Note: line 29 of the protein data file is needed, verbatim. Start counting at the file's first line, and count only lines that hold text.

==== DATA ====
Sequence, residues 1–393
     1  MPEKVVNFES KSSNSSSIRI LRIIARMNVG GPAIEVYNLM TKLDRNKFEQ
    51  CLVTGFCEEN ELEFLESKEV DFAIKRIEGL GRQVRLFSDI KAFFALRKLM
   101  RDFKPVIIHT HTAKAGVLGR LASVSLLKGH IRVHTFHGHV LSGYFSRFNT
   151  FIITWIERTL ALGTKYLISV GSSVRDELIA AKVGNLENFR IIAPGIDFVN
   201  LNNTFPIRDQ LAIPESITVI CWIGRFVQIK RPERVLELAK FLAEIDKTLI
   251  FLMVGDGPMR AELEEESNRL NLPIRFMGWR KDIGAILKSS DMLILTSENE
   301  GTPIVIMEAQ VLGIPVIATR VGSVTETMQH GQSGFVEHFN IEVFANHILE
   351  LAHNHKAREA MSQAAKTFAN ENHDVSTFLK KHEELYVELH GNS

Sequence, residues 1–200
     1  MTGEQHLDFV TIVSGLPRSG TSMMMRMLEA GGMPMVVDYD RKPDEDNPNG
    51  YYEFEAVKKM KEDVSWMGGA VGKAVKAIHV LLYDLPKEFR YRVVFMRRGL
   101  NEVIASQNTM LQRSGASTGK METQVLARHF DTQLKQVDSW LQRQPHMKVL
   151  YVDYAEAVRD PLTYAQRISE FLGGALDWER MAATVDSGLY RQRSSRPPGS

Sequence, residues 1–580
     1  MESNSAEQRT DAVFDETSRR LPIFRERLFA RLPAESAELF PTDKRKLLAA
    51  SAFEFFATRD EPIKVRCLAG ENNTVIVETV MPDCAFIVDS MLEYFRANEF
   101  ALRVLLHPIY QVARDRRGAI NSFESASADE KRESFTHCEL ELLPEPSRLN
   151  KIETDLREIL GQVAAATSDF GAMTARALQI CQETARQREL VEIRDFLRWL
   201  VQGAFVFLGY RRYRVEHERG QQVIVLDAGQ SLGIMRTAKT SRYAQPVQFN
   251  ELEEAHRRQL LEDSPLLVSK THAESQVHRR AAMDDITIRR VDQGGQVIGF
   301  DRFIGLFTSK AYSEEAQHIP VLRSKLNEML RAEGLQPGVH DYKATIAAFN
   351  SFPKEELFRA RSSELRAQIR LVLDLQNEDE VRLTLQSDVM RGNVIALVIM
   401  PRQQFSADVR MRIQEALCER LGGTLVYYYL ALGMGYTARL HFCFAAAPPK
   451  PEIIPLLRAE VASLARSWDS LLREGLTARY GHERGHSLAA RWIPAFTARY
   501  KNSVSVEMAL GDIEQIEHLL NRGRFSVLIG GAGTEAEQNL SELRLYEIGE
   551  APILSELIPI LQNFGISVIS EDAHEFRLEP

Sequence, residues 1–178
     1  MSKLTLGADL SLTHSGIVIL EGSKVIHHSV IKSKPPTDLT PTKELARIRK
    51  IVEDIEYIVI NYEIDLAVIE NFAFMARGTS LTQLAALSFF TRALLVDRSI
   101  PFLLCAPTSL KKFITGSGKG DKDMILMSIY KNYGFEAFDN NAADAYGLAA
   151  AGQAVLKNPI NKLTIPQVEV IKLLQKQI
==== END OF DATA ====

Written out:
     1  MSKLTLGADL SLTHSGIVIL EGSKVIHHSV IKSKPPTDLT PTKELARIRK